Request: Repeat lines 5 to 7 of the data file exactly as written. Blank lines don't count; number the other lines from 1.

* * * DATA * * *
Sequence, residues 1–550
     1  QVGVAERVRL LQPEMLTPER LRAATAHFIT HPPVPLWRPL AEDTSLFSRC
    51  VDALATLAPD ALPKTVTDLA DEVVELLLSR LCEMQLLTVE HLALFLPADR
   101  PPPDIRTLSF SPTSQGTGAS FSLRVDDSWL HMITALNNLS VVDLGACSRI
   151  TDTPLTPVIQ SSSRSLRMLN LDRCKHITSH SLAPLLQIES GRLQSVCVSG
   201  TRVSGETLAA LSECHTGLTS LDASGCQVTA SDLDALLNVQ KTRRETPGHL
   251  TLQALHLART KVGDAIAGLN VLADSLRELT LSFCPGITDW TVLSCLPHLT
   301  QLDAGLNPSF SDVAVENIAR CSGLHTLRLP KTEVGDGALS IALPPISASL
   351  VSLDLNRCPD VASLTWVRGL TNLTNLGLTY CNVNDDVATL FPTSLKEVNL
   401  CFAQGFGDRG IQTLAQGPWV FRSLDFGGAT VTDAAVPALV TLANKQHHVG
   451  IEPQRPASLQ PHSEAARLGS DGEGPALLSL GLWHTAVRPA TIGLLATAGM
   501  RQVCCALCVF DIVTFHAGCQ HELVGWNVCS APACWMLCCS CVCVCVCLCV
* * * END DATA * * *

   151  TDTPLTPVIQ SSSRSLRMLN LDRCKHITSH SLAPLLQIES GRLQSVCVSG
   201  TRVSGETLAA LSECHTGLTS LDASGCQVTA SDLDALLNVQ KTRRETPGHL
   251  TLQALHLART KVGDAIAGLN VLADSLRELT LSFCPGITDW TVLSCLPHLT